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The Key Differences Between British and American English

If you are just beginning to learn the English language, you do not need to worry about the differences...

Henry Lambert Written by Henry Lambert · 2 min read >
The Key Differences Between British and American English 1

If you are just beginning to learn the English language, you do not need to worry about the differences between American and British English. You only need to focus on learning one or the other. However, as you grow more proficient, you will likely want to know the key differences between the way Brits and Americans use the English language.

Different Words 

One key difference between British and American English is the vocabulary and word choice. For example, Brits call the hood of a car the “bonnet” and the trunk of a car the “boot.” Other vocabulary differences include using the word “holiday” in Britain instead of the American “vacation,” the word “lift” instead of “elevator,” and the word “mum” instead of “mom.” 

Names for popular brands can be different as well. For instance, the card game blackjack is more commonly known as “twenty-one” in the United Kingdom (speaking of which, check out this live casino to play blackjack with a real dealer in real-time). 

Generally, British people are familiar with American differences in words due to the popularity of American TV shows and movies, whereas Americans are less familiar with British terms. However, most Americans can understand terms unique to British English based on the context. 

Different Spellings 

Not only are some different words used in Britain and the States, words can have different spellings too. For instance, British English uses an “s” in many words that are spelled with a “z” in American English, such as “nationalise,” “recognise,” and “familiarise.” Also, words ending in “er” in American English and typically spelled as “re” in British English, including “centre” and “metre.” Other British spelling variations include placing a “u” after an “o,” including the words “colour,” “labour,” and “honour.”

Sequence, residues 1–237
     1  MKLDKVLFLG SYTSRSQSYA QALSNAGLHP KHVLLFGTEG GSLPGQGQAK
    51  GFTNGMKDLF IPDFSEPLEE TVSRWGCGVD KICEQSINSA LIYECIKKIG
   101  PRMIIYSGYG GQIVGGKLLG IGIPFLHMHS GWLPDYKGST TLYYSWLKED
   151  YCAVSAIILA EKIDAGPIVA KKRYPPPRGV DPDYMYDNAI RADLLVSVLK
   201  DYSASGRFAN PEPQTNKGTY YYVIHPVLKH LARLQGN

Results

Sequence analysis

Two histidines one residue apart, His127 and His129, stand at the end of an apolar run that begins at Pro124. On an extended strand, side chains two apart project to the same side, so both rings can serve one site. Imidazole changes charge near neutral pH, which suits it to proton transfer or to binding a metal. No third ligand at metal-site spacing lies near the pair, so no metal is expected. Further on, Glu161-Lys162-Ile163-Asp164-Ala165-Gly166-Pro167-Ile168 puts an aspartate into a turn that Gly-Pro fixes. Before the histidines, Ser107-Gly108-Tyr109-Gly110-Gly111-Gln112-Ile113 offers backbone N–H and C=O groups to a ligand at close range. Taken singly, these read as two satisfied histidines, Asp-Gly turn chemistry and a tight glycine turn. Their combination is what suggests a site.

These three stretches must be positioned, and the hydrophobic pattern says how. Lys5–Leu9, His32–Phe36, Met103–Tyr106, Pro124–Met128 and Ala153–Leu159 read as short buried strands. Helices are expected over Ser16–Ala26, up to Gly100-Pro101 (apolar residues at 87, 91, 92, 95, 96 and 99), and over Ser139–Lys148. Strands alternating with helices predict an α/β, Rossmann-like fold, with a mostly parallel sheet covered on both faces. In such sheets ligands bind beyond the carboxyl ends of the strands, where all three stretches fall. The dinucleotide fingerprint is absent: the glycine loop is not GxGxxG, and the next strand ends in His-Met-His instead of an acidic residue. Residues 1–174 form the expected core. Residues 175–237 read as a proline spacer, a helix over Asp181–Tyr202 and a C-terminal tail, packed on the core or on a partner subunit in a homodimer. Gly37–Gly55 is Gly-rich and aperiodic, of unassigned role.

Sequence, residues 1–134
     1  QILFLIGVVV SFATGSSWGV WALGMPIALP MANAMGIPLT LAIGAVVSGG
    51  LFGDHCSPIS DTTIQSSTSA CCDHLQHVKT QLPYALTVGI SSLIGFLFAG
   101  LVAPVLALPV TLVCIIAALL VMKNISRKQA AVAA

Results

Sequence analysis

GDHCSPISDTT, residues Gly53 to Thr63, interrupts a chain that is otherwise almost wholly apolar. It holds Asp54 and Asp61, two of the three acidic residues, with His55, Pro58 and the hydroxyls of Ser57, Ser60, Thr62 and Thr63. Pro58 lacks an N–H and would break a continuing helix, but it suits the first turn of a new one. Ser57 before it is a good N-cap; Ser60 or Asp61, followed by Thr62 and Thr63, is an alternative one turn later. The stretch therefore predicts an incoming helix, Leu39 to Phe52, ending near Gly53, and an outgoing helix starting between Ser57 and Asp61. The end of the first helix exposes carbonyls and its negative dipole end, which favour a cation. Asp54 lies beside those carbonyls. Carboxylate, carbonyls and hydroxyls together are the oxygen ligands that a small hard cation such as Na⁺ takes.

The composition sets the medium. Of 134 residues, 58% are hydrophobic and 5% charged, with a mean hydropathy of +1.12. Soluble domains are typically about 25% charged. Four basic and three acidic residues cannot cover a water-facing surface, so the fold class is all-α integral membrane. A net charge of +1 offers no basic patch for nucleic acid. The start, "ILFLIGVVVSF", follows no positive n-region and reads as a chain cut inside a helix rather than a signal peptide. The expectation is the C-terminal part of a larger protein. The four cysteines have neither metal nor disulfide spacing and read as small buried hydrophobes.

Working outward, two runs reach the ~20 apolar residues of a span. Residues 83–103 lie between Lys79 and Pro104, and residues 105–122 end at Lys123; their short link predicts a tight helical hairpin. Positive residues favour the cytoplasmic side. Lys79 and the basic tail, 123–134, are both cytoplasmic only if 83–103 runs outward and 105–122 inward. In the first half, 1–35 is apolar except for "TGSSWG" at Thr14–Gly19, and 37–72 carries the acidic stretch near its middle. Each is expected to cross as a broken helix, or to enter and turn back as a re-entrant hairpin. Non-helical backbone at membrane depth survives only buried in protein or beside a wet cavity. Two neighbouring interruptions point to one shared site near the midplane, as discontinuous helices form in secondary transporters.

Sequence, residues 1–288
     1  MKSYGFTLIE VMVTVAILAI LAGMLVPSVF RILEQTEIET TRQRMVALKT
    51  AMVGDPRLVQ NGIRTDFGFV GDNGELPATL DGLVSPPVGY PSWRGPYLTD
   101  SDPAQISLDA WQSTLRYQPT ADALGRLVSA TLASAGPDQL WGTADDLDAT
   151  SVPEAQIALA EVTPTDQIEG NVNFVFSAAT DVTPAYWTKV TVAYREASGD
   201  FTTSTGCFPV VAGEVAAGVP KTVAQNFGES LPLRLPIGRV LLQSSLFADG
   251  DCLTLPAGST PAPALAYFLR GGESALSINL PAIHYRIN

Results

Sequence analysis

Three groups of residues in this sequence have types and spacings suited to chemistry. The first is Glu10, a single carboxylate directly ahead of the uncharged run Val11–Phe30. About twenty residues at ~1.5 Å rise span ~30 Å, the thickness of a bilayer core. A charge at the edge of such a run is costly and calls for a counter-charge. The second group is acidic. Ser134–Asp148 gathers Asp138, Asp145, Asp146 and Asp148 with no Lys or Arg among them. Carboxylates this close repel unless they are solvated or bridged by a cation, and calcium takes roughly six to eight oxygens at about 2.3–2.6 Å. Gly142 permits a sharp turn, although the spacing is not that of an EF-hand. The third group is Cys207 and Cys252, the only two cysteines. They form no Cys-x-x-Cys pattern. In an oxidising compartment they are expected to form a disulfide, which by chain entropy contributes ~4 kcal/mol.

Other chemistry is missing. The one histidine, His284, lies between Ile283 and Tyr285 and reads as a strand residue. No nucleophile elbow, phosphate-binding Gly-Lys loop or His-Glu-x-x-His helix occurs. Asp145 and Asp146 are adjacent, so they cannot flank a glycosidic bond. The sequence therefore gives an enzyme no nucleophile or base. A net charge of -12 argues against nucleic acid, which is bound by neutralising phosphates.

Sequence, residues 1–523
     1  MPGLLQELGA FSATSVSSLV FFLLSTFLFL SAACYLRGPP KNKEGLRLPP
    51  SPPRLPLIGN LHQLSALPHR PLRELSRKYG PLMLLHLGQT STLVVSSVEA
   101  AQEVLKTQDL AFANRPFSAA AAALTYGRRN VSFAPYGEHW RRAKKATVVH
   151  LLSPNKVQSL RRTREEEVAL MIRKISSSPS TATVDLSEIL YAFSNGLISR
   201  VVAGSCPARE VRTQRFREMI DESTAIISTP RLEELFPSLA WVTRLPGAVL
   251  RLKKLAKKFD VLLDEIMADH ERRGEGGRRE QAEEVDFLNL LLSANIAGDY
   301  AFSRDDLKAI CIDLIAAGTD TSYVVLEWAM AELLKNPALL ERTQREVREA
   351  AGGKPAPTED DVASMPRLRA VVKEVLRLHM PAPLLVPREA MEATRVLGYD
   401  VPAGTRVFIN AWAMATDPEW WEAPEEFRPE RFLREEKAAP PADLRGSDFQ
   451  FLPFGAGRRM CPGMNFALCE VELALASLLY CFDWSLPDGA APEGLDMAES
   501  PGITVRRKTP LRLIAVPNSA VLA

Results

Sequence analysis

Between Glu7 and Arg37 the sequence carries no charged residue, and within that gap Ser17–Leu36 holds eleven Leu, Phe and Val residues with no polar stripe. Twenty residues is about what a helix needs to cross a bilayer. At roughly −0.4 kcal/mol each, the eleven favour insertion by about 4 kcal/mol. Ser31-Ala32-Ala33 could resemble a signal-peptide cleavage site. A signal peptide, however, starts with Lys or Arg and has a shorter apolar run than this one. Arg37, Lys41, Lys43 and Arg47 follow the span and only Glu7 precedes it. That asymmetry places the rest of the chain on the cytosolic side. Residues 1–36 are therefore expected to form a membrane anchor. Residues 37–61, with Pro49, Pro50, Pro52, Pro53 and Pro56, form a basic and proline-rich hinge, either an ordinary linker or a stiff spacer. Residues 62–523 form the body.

Past Tense Verb Variations 

Some British words differ in their past forms as well, particularly irregular verbs. The past tense of the word “learn” is “learned” in the US. However, it can be either “learned” or “learnt” in the UK. The same rule applies to “burnt,” “dreamt,” and “leant.” Also, Americans typically use an “en” ending with words that Brits do not. For instance, Americans would say, “I have never gotten used to it,” whereas Brits would use the word “got” in place of “gotten.”  

Punctuation Placement 

The placement of punctuation is sometimes different. For example, commas are placed after a closing quotation mark in British sentences but before the closing quotation mark in American sentences.  

In the UK, people would write the following: 

Americans use the words “gotten”, “dreamt”, and “burnt”.

In the United States, people would write:

Americans use the words “gotten,” “dreamt,” and “burnt.” 

Furthermore, Brits have different words for some punctuation marks. For example, a period is called a “full stop” in the UK.  

The Use of Prepositions

 Although there are prepositional differences, both American and British English are becoming intermingled, so the differences in prepositions are not as pronounced as they once were. However, some differences in prepositions include the following: 

  • In American English, people would say, “I’m going to work on the weekend,” whereas British people would say, “I’m going to work at the weekend.”
  •  American people would say, “I’m working Monday through Friday,” whereas British people would say, “I’m working Monday to Friday.”

 

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Written by Henry Lambert
Henry loves sharing his thoughts on education, business, and marketing. He is also passionate about hiking and photography, but nothing gives him more joy than spending time with his son. Profile